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17 April 2024

Pharmaceutical lactose, in what form and for what use?

Pharmaceutical lactose has been used since the 19th century, and has carved out a place for itself in the pharmaceutical industry, becoming a key excipient now found in 60% to 70% of oral medicines. Lactose is the milk sugar and highly present in the whey, a by-product of the cheese production.

Pharmaceutical grade lactose is produced from cheese whey or milk permeate streams by crystallisation and purification before being milled or sieved. Post-crystallisation and milling are an essential step, giving the pharmaceutical lactose different shapes and properties, with a view to guaranteeing optimum effectiveness in all its uses: from the manufacture of medicines to their therapeutic efficacy. Meaning that controlling quality and ensuring a consistency go through rigorous and close management of the crystallization step.


Pharmaceutical lactose, an essential excipient in medicines


Defined by the French Public Health Code and subject to strict regulation, medicines come in a wide variety of forms, depending on the route of administration: oral (tablets, , capsules, etc.), injectable, inhaled, etc. They are composed of an active ingredient with a curative or preventive effect on the body and excipients which mainly acts as a carrier for the active ingredient of the medicine without having a curative or preventive effect2. Excipients play a key role in facilitating the production of medicines, providing them with functionalities and guiding the active ingredient to its target in the body. They must be safe, stable, affordable and widely available1.

Because it meets all these criteria, lactose, a disaccharide of glucose and galactose, is widely used in the pharmaceutical industry, particularly for oral medicines. It acts as a flow agent, a filler, a disintegrant and above all a binder/diluent, retaining or releasing the active ingredient and adjusting the mass of the solid dose3. To meet both the production and efficacy requirements of medicines, multiple forms of lactose are used, each with its own properties1:

      • Milled and sieved lactose is the most widely used form of lactose in terms of volume in the pharmaceutical industry. Two major steps are necessary in its production: milling and sieving. During milling, the larger particles are broken down under the mechanical constraints imposed. Sieving is then used to select a specific particle size. This technique produces a grade of lactose with a particular granulometry. The particle size is qualified thanks to the mesh size units: from the biggest particle to the thinnest one. For lactose, the range goes from 50 mesh to 450 mesh. 200 mesh lactose is the  most used for the production of Oral Solid Dose (OSD).

    Pharmaceutical lactose

    Lactalis Ingredients Pharma is aware of the importance of supplying safe, stable and consistent lactose, and has put all its experience and expertise into the development of Lactalpha, a range of monohydrate milled and sieved lactose.

        • Another form that is widely used in the pharmaceutical industry is spray-dried lactose. It is made by spray drying a suspension of particles of lactose monohydrate resulting in the formation of agglomerates made up of fine particles bound together by lactose.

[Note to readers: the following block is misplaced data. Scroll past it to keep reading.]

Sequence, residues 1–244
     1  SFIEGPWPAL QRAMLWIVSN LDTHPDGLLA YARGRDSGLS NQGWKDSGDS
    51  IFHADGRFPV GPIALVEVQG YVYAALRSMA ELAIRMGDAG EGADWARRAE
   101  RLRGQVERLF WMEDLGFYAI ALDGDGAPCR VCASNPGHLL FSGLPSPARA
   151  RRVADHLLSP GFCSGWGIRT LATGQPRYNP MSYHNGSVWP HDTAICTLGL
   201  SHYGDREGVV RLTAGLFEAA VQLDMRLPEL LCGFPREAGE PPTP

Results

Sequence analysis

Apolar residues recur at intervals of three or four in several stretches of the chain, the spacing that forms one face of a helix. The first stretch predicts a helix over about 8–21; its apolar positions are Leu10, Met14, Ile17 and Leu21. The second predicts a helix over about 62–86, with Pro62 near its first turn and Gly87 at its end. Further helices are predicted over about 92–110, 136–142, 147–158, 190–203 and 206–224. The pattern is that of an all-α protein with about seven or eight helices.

• Granulated lactose is produced mainly from finely ground lactose monohydrate mixed with water or a lactose solution. This mixture leads to the formation of a porous agglomerate of fine lactose particles.

            • Anhydrous lactose is a form of lactose mainly made up of crystals characterised by a water content of less than 0.5%. It is obtained by drying the lactose in a double drum dryer.


          Pharmaceutical lactose, an excipient that meets the constraints of oral solid dose medicine manufacturing processes


          Pharmaceutical lactose in tablets, widespread use

          Tablets are a form of oral medicine obtained by compressing powder. They are often encased in a coating or a film4. In the pharmaceutical industry, several methods have been developed for manufacturing OSD (tablets, capsules, sachets…), including wet granulation, dry granulation or direct compression. Each of these methods imposes its own constraints and therefore requires the use of suitable excipients.


          Monohydrate milled and sieved lactose: an excipient suitable for wet granulation1

          The most common method for manufacturing tablets is wet granulation, especially as it is well suited to low-dose formulations. During the process, the powder undergoes a series of transformations including mixing with water, drying and grinding. The powder obtained can then be formed into tablets. For wet granulation, the most suitable form is milled and sieved lactose, as it combines compaction and flow properties.


          Spray-dried lactose, granulated lactose and anhydrous lactose: 3 forms of lactose recommended for direct compression1

          The easiest method of manufacturing tablets is direct compression as it is limited to a single step of mixing the ingredients before tableting. Despite being faster, this method presents a risk that should not be overlooked: the possibility that the active ingredient is not uniformly dispersed in the powder. To prevent this problem, the choice of excipient, and especially the form of lactose used, is extremely important. The excipient must have good flow properties to ensure dispersion of the active ingredient, blend effectively with the drug and promote good compaction.